Looking back over the years, I was hypomanic my freshman year of college. I got entirely too little sleep, spent way too much money, and ate a ridiculous amount of food. I hung out with my friends constantly, thinking I was charming, witty and funny, when in reality I was probably more along the lines of loud and obnoxious. I took a wide variety of classes, from ballet to mass communications, public speaking to American Sign Language, chasing after various grand ideas. The year seemed to a great one but when it was done I was left with debt, horrible grades, and 20 pounds more on my frame. My euphoric high came to a screeching halt the day I broke up with my serious boyfriend.

‘Sometimes I’m tired, sometimes I’m shot

Sometimes I don’t know how much more I’ve got

Maybe I’m headed over the hill

Maybe I’ve set myself up for the kill

Tell me how much do you think you can take

Until the heart in you is starting to break?

Sometimes it feels like it will’

There’s no question that I was depressed my sophomore year. I regularly slept in till 11, missing my morning classes. One day, in fact, I literally slept all day, not emerging from my room until 6 pm and only then because I was hungry. I hated myself. I hated my reflection. I chopped my hair in a vain attempt to be happy with my appearance. This produced an even worse image, and my spirits dove because of it. I rarely dated and when I did, I only wanted to make out. I didn’t see my friends much, but luckily I lived with my sister who helped me through this time. I also sought counseling, free thanks to BYU, which helped me recognize my experience and get through it. At the time I thought it was only situational depression. There was no chemical imbalance, or so I thought. With time, counseling, exercise, and my faith, I pulled through. Surely it was only situational.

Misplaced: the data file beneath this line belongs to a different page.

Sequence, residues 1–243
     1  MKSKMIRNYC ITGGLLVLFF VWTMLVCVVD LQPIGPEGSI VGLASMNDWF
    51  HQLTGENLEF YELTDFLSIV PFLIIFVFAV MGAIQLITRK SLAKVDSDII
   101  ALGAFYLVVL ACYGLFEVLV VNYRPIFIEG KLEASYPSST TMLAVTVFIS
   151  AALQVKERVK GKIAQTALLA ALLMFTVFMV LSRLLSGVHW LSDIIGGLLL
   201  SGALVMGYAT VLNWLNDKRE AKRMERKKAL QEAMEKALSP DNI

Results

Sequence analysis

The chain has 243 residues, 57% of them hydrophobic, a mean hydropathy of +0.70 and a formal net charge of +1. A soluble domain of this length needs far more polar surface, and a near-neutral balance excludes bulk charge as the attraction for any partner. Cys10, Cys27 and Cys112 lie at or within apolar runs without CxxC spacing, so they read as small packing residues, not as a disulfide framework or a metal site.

‘Out of the darkness, into the light

Leaving the scene of the crime’

I was given a respite my junior and senior years. Two blissful years of sanity. I didn’t know well enough to cherish them like I wish I had. I don’t remember much about my mental state during that time, which proves to me it was a time of sane thoughts and healthy self esteem. The Mister and I found each other. We dated. We fell in love. We got engaged. With the oncoming marriage came birth control. I went on the ring, about which the nurse at the health center said she’d never taken anyone off of it because of negative side effects. It sounded like my cup of tea. After the initial adjustment period, things seemed peachy keen. We got married and moved to New York for what I thought would be a summer of love and fun. In many ways, it was. But I had no idea of the tidal wave that was coming for me.

‘You can be sure when I’m gone

I won’t be out there too long’

The poor Mister didn’t know what to do when it hit. I suddenly couldn’t sleep anymore. I cried. Often. I mentally and verbally beat myself up, in typical Kris fashion. I was cranky a lot. I felt listless and not useful. I felt like a waste of space. I was no longer the optimistic, cheerful young woman he’d married. I was someone altogether different. Somehow, we made it through the summer and back to Provo. That fall I was able to dive into a busy schedule of work, school, and LOL (my improv comedy troupe). I lost myself in the business of it all. This isn’t to say I was hunky dory. The Mister had to, more than once, literally pick me up off the floor and tell me that I could in fact pass the test, write the paper, go to class. I put my head down and pushed on. I spoke with the Lord often as I walked to class, sat at work, or entered another late night of studying. On my last day of school, on which I had to take 4 finals, I cried. However this was a healthy cry. I thanked the Lord for carrying me through that time. I cried for the beauty of the setting sun as I drove home to a napping husband. I sat in the parking lot and cried with sheer exhaustion. I was finally done. But now that my mind was no longer occupied with these healthier things, it found time to eat in on itself. On Christmas Day I hit a grand low, as I found myself crying miserably while all around me was love, happiness, my family, and celebration of our Lord. I looked at my mom and told her I’d had enough. It was time to get off the birth control.